Halloween (video game)

From Wikipedia, the free encyclopedia
Jump to navigation Jump to search
Halloween
Hallowcvg.jpg
Developer(s) MicroGraphicImage
Publisher(s) Wizard Video Games
Designer(s) Tim Martin, Robert Barber
Platform(s) Atari 2600
Release 1983
Genre(s) Action
Mode(s) Single-player

Halloween is a video game for the Atari 2600, released in October 1983 by Wizard Video Games. It is based on the classic horror film of the same name (1978). The game was designed and programmed by MicroGraphicImage, a software development company started by several ex-Apollo programmers.

Gameplay[edit]

Screenshot featuring the killer (top center), the babysitter (top right) and a child (bottom center).

In 1983, Halloween was adapted as a video game for the Atari 2600 by Wizard Video.[1] None of the main characters in the game were named. Players take on the role of a teenage babysitter who tries to save as many children from an unnamed, knife-wielding killer as possible.[2] In another effort to save money, most versions of the game did not even have a label on the cartridge. It was simply a piece of tape with "Halloween" written in marker.[3] The game contained more gore than the film, however. When the babysitter is killed, her head disappears and is replaced by blood pulsating from the neck as she runs around exaggeratedly. The game's primary similarity to the film is the theme music that plays when the killer appears onscreen.[4]

The player plays as an unnamed babysitter (most likely Laurie Strode), who must save children from a knife-wielding enemy, Michael Myers (though never referred to by name in the manual). The player obtains points in two ways: by rescuing children and bringing them to "safe rooms" located at both ends of each floor of the house, and by stabbing Michael with the knife (if it can be located). The player advances a level either by rescuing five children or stabbing Michael twice. The killer gets faster with each level increase, and the game continues until all of the player's three lives are lost.

This game is similar to the concept of the original film, but unlike the film it has much blood and gore. For example, when the player is killed, their head is replaced with blood streaming out of the severed neck.

Although the game was called Halloween, and featured the film's theatrical poster as its cover art as well as the movie's main music theme, the game itself never refers to any characters, including the killer, by their names in the film.[5]

Controversy and legacy[edit]

Like The Texas Chainsaw Massacre, Wizard's other offering, Halloween was a controversial title at the time due to its violent content and subject matter. Many game retailers refused to carry the game and the ones who did often kept it behind the counter on a request-only basis. Largely because of this, the game sold relatively poorly.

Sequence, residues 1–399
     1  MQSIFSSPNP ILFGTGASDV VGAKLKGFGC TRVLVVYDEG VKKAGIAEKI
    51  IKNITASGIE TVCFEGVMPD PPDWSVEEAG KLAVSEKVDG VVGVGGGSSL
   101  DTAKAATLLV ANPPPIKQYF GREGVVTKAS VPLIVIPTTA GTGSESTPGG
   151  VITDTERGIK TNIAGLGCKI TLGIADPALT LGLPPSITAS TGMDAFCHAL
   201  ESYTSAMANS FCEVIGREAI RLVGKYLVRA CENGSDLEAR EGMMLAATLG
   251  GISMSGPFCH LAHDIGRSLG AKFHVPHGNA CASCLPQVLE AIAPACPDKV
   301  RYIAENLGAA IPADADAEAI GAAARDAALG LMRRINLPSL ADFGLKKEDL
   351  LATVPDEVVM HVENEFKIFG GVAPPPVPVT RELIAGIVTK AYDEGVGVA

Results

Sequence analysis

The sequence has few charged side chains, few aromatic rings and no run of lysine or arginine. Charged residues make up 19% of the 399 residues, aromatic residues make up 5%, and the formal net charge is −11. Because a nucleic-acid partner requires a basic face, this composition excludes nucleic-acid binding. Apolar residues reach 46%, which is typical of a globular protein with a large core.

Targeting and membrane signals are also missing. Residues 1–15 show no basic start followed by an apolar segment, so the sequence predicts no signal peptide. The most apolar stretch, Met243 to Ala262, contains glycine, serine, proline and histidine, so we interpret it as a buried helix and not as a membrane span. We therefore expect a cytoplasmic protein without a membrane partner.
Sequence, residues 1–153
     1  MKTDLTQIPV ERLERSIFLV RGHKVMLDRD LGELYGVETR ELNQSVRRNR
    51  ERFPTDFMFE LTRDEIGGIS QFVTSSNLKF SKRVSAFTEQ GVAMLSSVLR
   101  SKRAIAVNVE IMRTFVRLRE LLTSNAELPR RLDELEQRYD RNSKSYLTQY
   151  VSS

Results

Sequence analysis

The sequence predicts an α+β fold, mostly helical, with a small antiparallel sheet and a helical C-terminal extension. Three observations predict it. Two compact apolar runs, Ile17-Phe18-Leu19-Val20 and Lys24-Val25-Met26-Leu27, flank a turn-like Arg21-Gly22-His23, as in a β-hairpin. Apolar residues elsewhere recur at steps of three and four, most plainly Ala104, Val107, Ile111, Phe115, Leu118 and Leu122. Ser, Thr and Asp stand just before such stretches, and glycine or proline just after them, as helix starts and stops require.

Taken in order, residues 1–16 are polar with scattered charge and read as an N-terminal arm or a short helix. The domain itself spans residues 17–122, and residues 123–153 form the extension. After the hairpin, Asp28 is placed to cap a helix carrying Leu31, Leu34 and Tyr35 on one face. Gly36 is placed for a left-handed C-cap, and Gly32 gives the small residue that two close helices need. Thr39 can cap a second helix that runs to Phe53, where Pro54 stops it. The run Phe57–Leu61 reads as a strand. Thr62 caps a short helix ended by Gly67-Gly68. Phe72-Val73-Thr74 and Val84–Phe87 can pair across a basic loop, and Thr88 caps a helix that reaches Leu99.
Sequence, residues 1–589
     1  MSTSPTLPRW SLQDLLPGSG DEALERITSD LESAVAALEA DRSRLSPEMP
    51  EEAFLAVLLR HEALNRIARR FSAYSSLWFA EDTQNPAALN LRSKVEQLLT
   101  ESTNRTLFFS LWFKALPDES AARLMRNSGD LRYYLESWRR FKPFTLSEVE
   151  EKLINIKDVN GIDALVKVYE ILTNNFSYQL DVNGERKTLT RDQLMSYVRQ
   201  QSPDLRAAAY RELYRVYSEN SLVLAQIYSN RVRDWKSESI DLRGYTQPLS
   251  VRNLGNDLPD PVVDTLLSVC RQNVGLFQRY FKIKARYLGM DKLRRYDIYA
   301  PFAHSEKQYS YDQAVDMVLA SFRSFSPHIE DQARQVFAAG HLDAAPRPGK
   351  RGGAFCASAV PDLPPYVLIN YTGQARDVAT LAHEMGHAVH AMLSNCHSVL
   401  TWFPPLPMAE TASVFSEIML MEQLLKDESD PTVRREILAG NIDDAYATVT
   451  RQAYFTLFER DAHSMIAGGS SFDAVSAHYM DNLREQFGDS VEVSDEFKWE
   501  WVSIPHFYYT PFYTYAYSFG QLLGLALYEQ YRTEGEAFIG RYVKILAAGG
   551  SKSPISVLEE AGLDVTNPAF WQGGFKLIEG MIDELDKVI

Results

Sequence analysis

Today, Halloween is a popular yet extremely scarce title due to its poor distribution and low initial sales. It is very hard to find complete in box. Copies of this nature command a high premium, and the game is popular with not only Atari collectors but horror memorabilia collectors as well.

Halloween, along with The Texas Chainsaw Massacre, drove Wizard Video Games to bankruptcy.[citation needed] While Wizard Video Games were liquidating its merchandise, some copies of the game were shipped and sold without a label, or with a simple white sticker with "HALLOWEEN" hand-written on it to cut costs. This led to even more stores rejecting the game due to its appearance.

Wizard Video's other commercial release, Halloween, had a slightly better reception than their The Texas Chainsaw Massacre,[6] however, the limited number of copies sold has made both games highly valued items among Atari collectors.[7]

The game was programmed by Tim Martin.[8] When Games by Apollo went broke, Martin and another former employee, Robert Barber, developed Halloween based on the infamous movie.[9]

References[edit]

  1. ^ Perron, Bernard (2009). Horror Video Games: Essays on the Fusion of Fear and Play. Jefferson, North Carolina: McFarland. ISBN 978-0-786-45479-2.
  2. ^ Bradley-Tschirgi, Mat (May 30, 2017). "9 Spooky Horror Atari 2600 Games That Are Worth a Damn". Dread Central. Archived from the original on August 23, 2017. Retrieved September 8, 2018.
  3. ^ Panico, Sam (July 15, 2017). "Unearthing Wizard Video's Halloween and Texas Chainsaw Massacre Atari Cartridges". That's Not Current. Archived from the original on September 8, 2018. Retrieved August 30, 2018.
  4. ^ George, Gregory D. (October 31, 2001). "History of Horror: A Primer of Horror Games for Your Atari". The Atari Times. Archived from the original on April 22, 2006.
  5. ^ "Halloween - The Atari Game". X-Entertainment. 2004-10-29. Retrieved 2008-11-10.
  6. ^ "Halloween for the Atari 2600". Rogue Cinema. April 1, 2008. Retrieved 2008-07-11.
  7. ^ "Halloween". GameSpot. Retrieved 2008-10-27.
  8. ^ Fahs, Travis (2009-10-30). "IGN Presents the History of Survival Horror". IGN. Retrieved 2016-06-19.
  9. ^ Stilphen, Scott (1982-07-23). "DP Interviews ... Ed Salvo". Digital Press. Retrieved 2015-07-16.

External links[edit]